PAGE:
Renoir's parents, a tailor and a dressmaker, moved their family to Paris in 1844. At age thirteen Renoir apprenticed with the porcelain decorators Levy Frères & Cie. He earned money by painting fans, blinds, and murals for cafés. In 1860 he registered to copy Old Master paintings in the Louvre and, the following year, entered the studio of Charles Gleyre (1806-1874), where he met Frédéric Bazille (1841-1870), Monet (q.v.), and Sisley (q.v.). In 1862 he was also accepted at the École des Beaux-Arts. With his friends from Gleyre's studio, he began working en plein air and, during a visit to the forest of Fontainebleau, was introduced to Diaz de la Peña (q.v.). After a failed attempt in 1863, Renoir's first painting was accepted at the Salon of 1864, the same year he painted Cleveland's portrait of Romaine Lacaux. More typical of this early period, however, is the painting Diana the Huntress (1867, National Gallery of Art, Washington, D.C.), which reveals Courbet's (q.v.) influence. Around 1867 Renoir shared a studio with Bazille and Monet, the latter becoming an important influence on his art. Renoir and Monet's comparable impressionist style during this period is evident in two paintings each made at La grenouillère (all four titled La grenouillère, 1869: Nationalmuseum, Stockholm, and Pushkin Museum, Moscow [Renoir]; National Gallery, London, and Metropolitan Museum of Art, New York [Monet]),1 a bathing establishment on the Seine. After Renoir's military service during the Franco-Prussian War (1870-71), Monet introduced him to the dealer Durand-Ruel, who began purchasing his works. Renoir's submissions to the Salon were regularly refused, which encouraged him to participate in the first impressionist exhibition in 1874 and the 1875 auction at Hôtel Drouot, where his works were ridiculed by the critics. At the third impressionist exhibition in 1877, he showed Ball at the Moulin de la Galette (1876, Musée d'Orsay, Paris), in which he addressed a subject of modern life, one of his most characteristic impressionist paintings on a grand scale, with a rich pattern of light and shadow. In 1878 he returned to the Salon and became quite successful, establishing his reputation as a portraitist (1878, Mme Charpentier and her Children, Metropolitan Museum of Art, New York). He continued to use this official venue for the next several years, declining to exhibit with the impressionists. This decision was partly generated by the fact that his newfound clientele would be more appreciative of his participating in the Salon. He was supported by his patrons, particularly the Charpentiers, owners of a publishing house, whose journal La vie moderne furthered Renoir's reputation. After a trip to North Africa and Italy in 1881, he joined Cézanne at L'Estaque. Throughout the 1880s and 1890s Renoir traveled extensively through Brittany, Normandy, Provence, and Spain. In the mid-1880s he began to experiment with more linear contours, the application of thinner paint layers, and smoother brush strokes. This so-called Ingresque period, which had a very mixed reception, lasted for about six years. He then reflected upon the achievements of the Old Masters and favored a more fluid style, after which he returned to using broader brush strokes and more vibrant colors. In 1886 he was given a one-man show by Durand-Ruel. By 1900 Renoir was an established artist: he became Chevalier of the Legion of Honor in 1900 and four years later was honored at the Salon d'Automne with a gallery devoted to his works. Beginning in 1912 he suffered from rheumatism and began using a wheelchair, yet he continued to work until the end of his life. He now often stayed in southern France, where he owned property in Cagnes-sur-Mer. Renoir regularly exhibited his works at the Durand-Ruel and Bernheim-Jeune galleries in Paris, as well as elsewhere in Europe and in the United States.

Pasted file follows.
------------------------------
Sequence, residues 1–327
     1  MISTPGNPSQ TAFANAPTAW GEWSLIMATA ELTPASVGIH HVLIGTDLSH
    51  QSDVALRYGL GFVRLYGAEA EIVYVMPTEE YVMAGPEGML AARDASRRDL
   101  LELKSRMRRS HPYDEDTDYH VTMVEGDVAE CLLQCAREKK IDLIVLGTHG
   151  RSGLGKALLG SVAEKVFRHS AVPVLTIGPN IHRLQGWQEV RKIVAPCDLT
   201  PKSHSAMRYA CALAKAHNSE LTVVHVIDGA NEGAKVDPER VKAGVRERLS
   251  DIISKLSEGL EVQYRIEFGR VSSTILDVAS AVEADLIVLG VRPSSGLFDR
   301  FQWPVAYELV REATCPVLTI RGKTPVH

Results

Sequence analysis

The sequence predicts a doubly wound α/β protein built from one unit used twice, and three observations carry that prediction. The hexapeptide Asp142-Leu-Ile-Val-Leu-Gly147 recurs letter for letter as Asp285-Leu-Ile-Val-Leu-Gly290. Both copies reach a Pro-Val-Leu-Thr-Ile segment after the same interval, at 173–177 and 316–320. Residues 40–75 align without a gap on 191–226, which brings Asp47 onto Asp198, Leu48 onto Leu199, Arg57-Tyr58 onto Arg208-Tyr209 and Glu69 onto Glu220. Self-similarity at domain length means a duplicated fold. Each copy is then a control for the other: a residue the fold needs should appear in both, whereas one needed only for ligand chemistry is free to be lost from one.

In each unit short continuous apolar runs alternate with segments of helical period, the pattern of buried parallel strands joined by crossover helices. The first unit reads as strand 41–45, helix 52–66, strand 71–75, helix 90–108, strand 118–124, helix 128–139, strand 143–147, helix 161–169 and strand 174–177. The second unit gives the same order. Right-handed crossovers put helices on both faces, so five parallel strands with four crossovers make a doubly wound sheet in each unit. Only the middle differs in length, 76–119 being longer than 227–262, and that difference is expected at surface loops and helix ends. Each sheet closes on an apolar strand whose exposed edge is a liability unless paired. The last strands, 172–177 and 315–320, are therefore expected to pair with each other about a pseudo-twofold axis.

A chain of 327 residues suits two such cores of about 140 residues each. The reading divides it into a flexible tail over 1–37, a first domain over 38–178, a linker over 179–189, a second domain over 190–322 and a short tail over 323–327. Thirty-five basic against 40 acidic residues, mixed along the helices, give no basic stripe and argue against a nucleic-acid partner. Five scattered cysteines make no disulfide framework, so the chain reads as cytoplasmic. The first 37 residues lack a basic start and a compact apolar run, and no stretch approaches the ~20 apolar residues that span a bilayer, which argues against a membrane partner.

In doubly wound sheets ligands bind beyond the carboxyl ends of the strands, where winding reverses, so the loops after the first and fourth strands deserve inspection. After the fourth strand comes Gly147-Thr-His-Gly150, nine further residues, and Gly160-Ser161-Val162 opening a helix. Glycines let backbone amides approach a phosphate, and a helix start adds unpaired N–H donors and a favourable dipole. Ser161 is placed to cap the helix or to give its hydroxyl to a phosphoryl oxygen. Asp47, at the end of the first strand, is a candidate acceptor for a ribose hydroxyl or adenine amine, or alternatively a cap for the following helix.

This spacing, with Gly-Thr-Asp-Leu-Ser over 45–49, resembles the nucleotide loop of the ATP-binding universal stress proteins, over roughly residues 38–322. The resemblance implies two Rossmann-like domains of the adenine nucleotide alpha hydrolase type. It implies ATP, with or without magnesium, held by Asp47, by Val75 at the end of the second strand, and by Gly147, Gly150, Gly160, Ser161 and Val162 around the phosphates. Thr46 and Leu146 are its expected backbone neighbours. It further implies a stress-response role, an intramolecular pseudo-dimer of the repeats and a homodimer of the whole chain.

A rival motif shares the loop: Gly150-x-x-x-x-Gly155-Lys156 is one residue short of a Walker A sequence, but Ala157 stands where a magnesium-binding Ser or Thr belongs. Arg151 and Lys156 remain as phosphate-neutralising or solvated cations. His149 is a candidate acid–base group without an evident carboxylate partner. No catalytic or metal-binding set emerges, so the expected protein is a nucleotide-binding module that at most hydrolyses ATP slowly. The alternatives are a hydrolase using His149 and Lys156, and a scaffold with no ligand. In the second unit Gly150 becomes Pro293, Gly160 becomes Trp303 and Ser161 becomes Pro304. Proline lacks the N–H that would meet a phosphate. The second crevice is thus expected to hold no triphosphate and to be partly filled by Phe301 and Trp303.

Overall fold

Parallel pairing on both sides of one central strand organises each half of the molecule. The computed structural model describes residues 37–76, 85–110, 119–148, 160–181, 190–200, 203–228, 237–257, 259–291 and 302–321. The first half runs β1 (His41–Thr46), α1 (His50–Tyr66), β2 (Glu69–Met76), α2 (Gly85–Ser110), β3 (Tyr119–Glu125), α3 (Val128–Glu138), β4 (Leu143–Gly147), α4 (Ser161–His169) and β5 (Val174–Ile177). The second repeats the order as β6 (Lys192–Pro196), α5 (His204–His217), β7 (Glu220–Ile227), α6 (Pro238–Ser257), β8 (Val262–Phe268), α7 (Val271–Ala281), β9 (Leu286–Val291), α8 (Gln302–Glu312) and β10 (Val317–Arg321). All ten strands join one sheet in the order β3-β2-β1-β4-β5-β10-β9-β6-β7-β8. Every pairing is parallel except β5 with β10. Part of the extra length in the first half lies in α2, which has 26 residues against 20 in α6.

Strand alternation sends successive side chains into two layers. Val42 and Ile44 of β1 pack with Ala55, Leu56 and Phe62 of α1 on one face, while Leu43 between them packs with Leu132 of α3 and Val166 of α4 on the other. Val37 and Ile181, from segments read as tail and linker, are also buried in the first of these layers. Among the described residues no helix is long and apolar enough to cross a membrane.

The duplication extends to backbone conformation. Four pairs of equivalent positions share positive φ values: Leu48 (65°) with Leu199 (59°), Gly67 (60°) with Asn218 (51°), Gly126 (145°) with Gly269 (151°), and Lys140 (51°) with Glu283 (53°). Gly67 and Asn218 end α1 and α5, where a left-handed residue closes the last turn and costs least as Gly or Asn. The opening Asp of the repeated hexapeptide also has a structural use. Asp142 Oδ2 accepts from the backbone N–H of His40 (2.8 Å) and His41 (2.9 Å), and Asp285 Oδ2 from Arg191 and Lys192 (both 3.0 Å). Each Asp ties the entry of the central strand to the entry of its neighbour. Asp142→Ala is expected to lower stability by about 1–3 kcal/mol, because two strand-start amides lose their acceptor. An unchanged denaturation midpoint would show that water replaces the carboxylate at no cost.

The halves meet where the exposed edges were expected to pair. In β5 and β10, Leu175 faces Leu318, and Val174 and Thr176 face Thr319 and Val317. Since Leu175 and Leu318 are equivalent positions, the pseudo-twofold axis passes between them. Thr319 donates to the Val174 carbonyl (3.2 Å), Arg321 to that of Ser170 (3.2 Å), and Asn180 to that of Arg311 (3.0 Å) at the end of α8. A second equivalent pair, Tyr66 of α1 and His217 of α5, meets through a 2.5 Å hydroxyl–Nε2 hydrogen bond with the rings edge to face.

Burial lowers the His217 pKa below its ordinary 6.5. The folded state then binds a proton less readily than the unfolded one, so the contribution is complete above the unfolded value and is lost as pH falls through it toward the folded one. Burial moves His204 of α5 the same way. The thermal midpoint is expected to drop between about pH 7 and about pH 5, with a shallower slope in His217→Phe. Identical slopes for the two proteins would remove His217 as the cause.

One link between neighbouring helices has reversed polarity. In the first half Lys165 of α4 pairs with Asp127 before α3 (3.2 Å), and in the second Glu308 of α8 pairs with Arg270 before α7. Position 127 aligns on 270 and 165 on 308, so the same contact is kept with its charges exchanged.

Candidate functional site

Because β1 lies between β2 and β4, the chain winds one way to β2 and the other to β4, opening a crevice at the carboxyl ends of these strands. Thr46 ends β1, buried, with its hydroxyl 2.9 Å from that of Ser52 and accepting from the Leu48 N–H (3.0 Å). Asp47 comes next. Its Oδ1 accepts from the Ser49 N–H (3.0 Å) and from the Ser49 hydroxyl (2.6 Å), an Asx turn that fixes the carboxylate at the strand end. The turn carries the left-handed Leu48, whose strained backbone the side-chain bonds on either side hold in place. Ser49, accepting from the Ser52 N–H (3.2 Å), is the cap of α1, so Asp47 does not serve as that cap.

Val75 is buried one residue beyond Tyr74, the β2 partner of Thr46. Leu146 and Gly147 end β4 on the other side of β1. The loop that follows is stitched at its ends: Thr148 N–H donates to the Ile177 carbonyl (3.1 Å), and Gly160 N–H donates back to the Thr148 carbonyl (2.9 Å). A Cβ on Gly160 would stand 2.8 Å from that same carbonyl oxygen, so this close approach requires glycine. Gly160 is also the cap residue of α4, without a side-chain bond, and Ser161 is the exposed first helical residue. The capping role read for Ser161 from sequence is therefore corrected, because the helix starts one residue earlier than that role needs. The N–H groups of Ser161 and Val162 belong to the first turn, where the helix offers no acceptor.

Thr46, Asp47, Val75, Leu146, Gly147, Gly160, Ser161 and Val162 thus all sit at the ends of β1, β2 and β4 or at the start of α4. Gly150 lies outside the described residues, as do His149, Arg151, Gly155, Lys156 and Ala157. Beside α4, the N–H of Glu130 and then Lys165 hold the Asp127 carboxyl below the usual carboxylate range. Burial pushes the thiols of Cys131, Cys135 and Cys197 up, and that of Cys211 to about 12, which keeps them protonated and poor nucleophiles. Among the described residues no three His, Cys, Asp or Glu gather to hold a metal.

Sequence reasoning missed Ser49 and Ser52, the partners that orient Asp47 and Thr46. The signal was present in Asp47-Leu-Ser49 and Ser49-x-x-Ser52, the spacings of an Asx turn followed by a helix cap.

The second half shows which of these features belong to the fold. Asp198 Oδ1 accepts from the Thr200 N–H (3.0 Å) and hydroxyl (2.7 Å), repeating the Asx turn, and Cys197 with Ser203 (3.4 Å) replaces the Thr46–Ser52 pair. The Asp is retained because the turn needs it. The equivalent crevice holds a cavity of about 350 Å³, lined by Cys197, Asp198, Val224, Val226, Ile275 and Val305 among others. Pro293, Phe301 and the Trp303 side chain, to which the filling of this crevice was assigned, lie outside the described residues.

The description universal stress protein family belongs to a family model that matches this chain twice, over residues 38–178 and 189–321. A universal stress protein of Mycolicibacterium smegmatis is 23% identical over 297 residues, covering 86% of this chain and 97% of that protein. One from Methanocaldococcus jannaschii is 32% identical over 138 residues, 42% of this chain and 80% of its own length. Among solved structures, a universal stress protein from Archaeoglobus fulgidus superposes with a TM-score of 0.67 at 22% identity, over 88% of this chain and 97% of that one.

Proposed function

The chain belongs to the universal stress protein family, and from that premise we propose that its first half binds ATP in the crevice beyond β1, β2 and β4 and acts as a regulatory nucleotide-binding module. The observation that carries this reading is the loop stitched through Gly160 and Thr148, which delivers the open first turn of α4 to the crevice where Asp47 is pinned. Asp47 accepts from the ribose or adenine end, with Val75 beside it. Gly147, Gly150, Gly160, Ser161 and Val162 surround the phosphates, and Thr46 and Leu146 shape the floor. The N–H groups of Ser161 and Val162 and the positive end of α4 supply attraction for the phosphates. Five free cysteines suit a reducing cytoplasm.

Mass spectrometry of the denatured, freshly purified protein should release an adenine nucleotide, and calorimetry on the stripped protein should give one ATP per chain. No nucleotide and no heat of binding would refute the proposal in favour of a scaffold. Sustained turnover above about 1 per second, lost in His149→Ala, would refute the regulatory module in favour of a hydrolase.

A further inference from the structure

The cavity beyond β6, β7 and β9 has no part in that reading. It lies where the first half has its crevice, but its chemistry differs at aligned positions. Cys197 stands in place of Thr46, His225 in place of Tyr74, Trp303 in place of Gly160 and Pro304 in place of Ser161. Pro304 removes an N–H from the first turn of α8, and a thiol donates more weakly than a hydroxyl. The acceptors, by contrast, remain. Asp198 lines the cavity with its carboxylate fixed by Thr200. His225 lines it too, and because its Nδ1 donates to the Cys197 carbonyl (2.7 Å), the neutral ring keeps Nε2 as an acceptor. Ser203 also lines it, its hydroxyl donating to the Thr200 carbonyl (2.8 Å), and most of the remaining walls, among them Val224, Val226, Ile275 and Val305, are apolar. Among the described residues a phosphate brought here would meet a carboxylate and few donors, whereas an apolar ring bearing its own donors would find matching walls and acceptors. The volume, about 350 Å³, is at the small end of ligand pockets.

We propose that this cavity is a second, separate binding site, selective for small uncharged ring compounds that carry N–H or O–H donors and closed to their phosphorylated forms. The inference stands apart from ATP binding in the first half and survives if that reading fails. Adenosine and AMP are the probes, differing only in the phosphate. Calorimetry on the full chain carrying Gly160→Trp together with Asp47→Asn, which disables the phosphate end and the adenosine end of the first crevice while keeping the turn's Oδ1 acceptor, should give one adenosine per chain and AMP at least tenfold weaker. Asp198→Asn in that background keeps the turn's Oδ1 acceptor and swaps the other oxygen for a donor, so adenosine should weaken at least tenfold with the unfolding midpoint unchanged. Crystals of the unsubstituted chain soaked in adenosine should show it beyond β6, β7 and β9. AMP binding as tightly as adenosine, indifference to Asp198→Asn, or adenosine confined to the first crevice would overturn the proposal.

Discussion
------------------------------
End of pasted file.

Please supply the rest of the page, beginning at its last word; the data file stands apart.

Guinó was Renoir's collaborator during the late years, and French courts have ruled that such sculptures should be attributed to both men.